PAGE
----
PUM Netherlands senior experts is a non-profit organisation, which has been advising businesses in developing countries and emerging markets already for 35 years. To this end, PUM links these businesses, at their own request, to Dutch professionals who voluntarily devote their considerable experience to creating a better world. PUM, therefore, promotes entrepreneurship, self-sufficiency and the sustainable development of small and medium-sized enterprises locally. By allowing these professionals (senior experts) to execute short-term, solid consultancy projects on the work floor, businesses can establish sufficient knowledge to develop into a growth engine for the local economy. This benefits both employment and the sustainable economic development of the region. Furthermore, as the contacts established in this manner regularly develop into major trade relations, the Dutch economy also benefits. Their 3,200 volunteers advise 2,000 entrepreneurs annually in almost every field imaginable: from logistics to welding techniques, and from the hotel & catering trade to carpentry.

The Confederation of European Senior Expert Services – CESES, is an international not-for-profit association of 17 organisations from the member states of the European Union. The first of such legal entity of its kind in Europe, it encompasses the skills of over 25,000 volunteers. Combining the vast resources of these organisations, CESES offers professional, voluntary, short-term assistance and advice to enterprises and institutions.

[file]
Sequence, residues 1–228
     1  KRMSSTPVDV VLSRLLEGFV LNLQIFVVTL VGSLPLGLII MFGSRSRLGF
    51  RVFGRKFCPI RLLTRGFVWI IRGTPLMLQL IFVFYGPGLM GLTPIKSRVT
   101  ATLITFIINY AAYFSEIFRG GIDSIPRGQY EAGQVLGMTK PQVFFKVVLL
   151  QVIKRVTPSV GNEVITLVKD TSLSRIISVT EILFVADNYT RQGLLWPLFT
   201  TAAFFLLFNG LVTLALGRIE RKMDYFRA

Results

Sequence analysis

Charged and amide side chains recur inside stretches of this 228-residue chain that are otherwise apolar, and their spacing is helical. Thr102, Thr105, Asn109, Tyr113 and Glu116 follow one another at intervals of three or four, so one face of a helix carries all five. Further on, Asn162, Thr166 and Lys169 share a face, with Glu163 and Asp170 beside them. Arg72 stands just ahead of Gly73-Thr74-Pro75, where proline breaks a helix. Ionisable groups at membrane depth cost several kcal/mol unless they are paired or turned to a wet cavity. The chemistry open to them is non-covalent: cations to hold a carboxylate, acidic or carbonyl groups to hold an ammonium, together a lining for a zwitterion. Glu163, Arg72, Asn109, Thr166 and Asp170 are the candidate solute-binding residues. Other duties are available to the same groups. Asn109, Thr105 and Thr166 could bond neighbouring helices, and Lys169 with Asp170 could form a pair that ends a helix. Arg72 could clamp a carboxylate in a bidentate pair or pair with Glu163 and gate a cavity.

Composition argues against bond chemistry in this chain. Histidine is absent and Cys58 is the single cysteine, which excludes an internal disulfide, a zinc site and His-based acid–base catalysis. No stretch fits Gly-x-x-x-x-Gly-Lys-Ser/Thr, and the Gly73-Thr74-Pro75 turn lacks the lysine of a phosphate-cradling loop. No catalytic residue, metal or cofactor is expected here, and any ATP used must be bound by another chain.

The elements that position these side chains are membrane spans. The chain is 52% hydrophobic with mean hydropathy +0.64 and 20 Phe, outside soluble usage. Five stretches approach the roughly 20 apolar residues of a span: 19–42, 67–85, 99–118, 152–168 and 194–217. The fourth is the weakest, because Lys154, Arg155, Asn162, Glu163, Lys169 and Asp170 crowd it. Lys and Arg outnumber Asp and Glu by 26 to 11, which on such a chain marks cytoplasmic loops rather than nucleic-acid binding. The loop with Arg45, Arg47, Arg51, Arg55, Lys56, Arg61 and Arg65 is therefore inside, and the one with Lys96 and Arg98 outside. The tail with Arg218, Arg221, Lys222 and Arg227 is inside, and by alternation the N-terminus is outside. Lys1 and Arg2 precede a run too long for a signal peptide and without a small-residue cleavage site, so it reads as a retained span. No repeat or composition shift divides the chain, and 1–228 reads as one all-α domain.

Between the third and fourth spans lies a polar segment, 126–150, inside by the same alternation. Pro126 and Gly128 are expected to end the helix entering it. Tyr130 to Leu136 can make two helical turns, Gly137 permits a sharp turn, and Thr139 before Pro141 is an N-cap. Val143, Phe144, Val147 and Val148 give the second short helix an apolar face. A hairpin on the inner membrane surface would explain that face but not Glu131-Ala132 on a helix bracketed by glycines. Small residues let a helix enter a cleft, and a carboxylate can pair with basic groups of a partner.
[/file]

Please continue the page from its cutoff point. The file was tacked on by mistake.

The SES is Germany’s leading volunteering organisation for experts and executives who are either retired or taking some time off work. The SES has been helping people to help themselves since 1983 – all around the world, in every industry and sector. At present, the SES has access to the knowledge and experience of 12,000 experts from all professional spheres. Since 1983, the SES has completed about 60,000 voluntary expert assignments in over 160 countries, with approximately a third of the placements being in Germany. The SES is based in Bonn. It has some 200 representatives in 93 different countries around the world. In the context of an aging society, company Bosch is facing a major challenge. As a company that files thousands of patents every year, Bosch cannot afford to lose valuable knowledge when experienced associates retire. But demographic change can also be a source of opportunity: knowledge sharing across generations promotes creativity and contributes to innovative solutions. This is why Bosch Diversity Management has focused on mixed-age teams. Former associates can register as senior experts and share the knowledge they have gained over the course of their careers with their younger colleagues. Bosch Management Support GmbH (BMS) then hires them for consulting or project contracts at Bosch.